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1.  Observed management practices in relation to the risk of infection with paratuberculosis and to the spread of Mycobacterium avium subsp. paratuberculosis in Swiss dairy and beef herds 
BMC Veterinary Research  2014;10:132.
Background
Many studies have been conducted to define risk factors for the transmission of bovine paratuberculosis, mostly in countries with large herds. Little is known about the epidemiology in infected Swiss herds and risk factors important for transmission in smaller herds. Therefore, the presence of known factors which might favor the spread of paratuberculosis and could be related to the prevalence at animal level of fecal shedding of Mycobacterium avium subsp. paratuberculosis were assessed in 17 infected herds (10 dairy, 7 beef). Additionally, the level of knowledge of herd managers about the disease was assessed. In a case–control study with 4 matched negative control herds per infected herd, the association of potential risk factors with the infection status of the herd was investigated.
Results
Exposure of the young stock to feces of older animals was frequently observed in infected and in control herds. The farmers’ knowledge about paratuberculosis was very limited, even in infected herds. An overall prevalence at animal level of fecal shedding of Mycobacterium avium subsp. paratuberculosis of 6.1% was found in infected herds, whereby shedders younger than 2 years of age were found in 46.2% of the herds where the young stock was available for testing. Several factors related to contamination of the heifer area with cows’ feces and the management of the calving area were found to be significantly associated with the within-herd prevalence. Animal purchase was associated with a positive herd infection status (OR = 7.25, p = 0.004).
Conclusions
Numerous risk factors favoring the spread of Mycobacterium avium subsp. paratuberculosis from adult animals to the young stock were observed in infected Swiss dairy and beef herds, which may be amenable to improvement in order to control the disease. Important factors were contamination of the heifer and the calving area, which were associated with higher within-herd prevalence of fecal shedding. The awareness of farmers of paratuberculosis was very low, even in infected herds. Animal purchase in a herd was significantly associated with the probability of a herd to be infected and is thus the most important factor for the control of the spread of disease between farms.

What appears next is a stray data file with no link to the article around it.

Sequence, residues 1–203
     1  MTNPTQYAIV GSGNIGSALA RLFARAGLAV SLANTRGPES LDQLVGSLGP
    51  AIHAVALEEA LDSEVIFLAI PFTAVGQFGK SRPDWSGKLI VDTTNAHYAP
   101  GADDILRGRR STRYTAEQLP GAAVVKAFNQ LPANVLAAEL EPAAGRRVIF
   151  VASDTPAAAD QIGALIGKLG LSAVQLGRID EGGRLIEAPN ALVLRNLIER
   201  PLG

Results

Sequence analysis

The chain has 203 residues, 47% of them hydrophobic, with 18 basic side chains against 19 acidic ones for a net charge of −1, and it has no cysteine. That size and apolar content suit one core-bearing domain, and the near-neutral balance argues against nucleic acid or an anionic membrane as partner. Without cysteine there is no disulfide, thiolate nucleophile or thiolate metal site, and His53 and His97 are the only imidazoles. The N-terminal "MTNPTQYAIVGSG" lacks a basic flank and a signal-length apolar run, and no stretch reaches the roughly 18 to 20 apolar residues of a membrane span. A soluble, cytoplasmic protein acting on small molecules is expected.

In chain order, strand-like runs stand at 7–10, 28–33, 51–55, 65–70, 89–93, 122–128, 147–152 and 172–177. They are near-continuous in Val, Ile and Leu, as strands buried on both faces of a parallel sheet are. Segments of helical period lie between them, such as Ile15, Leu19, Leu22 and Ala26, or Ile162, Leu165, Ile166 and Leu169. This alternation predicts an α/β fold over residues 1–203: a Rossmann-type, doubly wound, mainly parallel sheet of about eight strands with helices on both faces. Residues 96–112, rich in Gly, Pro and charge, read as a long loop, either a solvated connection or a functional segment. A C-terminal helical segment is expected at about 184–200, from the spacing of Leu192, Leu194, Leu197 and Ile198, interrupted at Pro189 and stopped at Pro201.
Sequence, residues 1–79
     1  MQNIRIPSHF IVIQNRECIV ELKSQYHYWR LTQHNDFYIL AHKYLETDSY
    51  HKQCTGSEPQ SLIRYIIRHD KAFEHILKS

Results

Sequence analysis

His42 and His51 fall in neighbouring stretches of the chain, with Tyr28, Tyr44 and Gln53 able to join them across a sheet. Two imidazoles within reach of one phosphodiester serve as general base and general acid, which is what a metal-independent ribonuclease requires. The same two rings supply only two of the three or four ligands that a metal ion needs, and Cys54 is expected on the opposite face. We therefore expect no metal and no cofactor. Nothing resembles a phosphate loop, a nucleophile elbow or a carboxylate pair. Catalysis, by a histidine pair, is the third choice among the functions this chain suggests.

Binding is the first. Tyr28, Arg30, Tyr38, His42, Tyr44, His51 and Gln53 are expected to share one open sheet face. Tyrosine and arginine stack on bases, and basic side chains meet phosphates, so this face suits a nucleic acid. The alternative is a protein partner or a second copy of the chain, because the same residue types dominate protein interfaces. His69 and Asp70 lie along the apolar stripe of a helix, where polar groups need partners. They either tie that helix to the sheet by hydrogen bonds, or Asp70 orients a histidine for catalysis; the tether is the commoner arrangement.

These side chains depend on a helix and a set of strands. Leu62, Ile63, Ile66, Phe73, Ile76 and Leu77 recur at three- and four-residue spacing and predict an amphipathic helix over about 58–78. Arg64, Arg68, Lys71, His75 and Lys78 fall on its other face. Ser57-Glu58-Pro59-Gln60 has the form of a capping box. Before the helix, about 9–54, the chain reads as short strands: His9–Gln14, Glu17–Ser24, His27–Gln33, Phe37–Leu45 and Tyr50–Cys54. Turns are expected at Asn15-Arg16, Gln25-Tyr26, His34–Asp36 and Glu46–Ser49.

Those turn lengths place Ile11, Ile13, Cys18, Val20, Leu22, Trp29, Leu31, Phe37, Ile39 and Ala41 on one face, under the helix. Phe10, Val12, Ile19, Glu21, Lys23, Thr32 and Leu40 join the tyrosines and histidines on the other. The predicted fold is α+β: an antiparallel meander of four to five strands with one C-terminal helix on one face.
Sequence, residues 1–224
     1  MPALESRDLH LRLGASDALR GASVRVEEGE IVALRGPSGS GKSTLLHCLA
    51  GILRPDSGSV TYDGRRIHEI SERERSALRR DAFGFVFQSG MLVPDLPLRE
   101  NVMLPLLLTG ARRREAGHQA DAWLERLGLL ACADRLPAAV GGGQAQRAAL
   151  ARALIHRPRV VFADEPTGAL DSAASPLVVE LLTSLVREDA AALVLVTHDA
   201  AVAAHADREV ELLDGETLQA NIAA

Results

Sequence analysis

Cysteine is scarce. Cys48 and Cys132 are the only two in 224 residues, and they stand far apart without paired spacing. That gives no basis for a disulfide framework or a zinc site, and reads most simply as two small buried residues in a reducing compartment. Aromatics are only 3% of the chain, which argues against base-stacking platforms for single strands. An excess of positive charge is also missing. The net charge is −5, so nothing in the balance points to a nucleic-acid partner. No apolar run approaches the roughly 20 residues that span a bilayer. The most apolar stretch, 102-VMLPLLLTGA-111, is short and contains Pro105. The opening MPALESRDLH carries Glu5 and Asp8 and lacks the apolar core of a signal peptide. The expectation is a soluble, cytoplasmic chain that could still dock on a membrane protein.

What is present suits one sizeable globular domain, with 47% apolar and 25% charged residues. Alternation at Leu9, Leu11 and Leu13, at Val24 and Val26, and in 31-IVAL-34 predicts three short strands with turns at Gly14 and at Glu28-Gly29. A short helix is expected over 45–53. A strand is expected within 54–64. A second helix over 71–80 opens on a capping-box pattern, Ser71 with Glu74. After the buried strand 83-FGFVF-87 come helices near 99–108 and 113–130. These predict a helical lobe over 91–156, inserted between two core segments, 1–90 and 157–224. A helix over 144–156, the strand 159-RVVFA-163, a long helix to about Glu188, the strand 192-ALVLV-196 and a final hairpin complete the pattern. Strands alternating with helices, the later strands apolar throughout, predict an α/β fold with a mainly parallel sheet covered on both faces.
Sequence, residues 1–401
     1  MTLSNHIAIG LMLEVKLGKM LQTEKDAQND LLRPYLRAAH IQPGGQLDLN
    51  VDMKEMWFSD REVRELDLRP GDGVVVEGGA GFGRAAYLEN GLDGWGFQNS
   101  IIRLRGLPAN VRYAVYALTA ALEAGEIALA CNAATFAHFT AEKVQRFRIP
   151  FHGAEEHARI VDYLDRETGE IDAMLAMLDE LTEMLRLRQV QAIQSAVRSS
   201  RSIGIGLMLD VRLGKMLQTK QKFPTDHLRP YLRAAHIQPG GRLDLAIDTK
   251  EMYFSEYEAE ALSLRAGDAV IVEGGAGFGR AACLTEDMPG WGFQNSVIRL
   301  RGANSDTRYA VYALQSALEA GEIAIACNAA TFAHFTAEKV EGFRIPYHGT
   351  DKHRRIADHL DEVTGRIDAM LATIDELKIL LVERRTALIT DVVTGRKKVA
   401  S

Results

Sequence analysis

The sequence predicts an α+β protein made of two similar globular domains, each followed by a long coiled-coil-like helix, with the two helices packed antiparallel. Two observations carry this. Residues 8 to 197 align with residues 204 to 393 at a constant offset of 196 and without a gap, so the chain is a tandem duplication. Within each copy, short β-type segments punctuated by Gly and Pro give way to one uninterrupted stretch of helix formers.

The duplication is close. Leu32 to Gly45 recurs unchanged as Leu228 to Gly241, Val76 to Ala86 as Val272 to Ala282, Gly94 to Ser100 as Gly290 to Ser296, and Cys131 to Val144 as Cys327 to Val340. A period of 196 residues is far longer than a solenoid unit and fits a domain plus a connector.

doi:10.1186/1746-6148-10-132
PMCID: PMC4065578  PMID: 24930008
Paratuberculosis; Johne’s disease; Mycobacterium avium ssp. paratuberculosis; Infection; Awareness; Risk factor; Control; Dairy; Beef
2.  The Burden of Parasitic Zoonoses in Nepal: A Systematic Review 
Background
Parasitic zoonoses (PZs) pose a significant but often neglected threat to public health, especially in developing countries. In order to obtain a better understanding of their health impact, summary measures of population health may be calculated, such as the Disability-Adjusted Life Year (DALY). However, the data required to calculate such measures are often not readily available for these diseases, which may lead to a vicious circle of under-recognition and under-funding.
Methodology
We examined the burden of PZs in Nepal through a systematic review of online and offline data sources. PZs were classified qualitatively according to endemicity, and where possible a quantitative burden assessment was conducted in terms of the annual number of incident cases, deaths and DALYs.
Principal Findings
Between 2000 and 2012, the highest annual burden was imposed by neurocysticercosis and congenital toxoplasmosis (14,268 DALYs [95% Credibility Interval (CrI): 5450–27,694] and 9255 DALYs [95% CrI: 6135–13,292], respectively), followed by cystic echinococcosis (251 DALYs [95% CrI: 105–458]). Nepal is probably endemic for trichinellosis, toxocarosis, diphyllobothriosis, foodborne trematodosis, taeniosis, and zoonotic intestinal helminthic and protozoal infections, but insufficient data were available to quantify their health impact. Sporadic cases of alveolar echinococcosis, angiostrongylosis, capillariosis, dirofilariosis, gnathostomosis, sparganosis and cutaneous leishmaniosis may occur.
Conclusions/Significance
In settings with limited surveillance capacity, it is possible to quantify the health impact of PZs and other neglected diseases, thereby interrupting the vicious circle of neglect. In Nepal, we found that several PZs are endemic and are imposing a significant burden to public health, higher than that of malaria, and comparable to that of HIV/AIDS. However, several critical data gaps remain. Enhanced surveillance for the endemic PZs identified in this study would enable additional burden estimates, and a more complete picture of the impact of these diseases.
Author Summary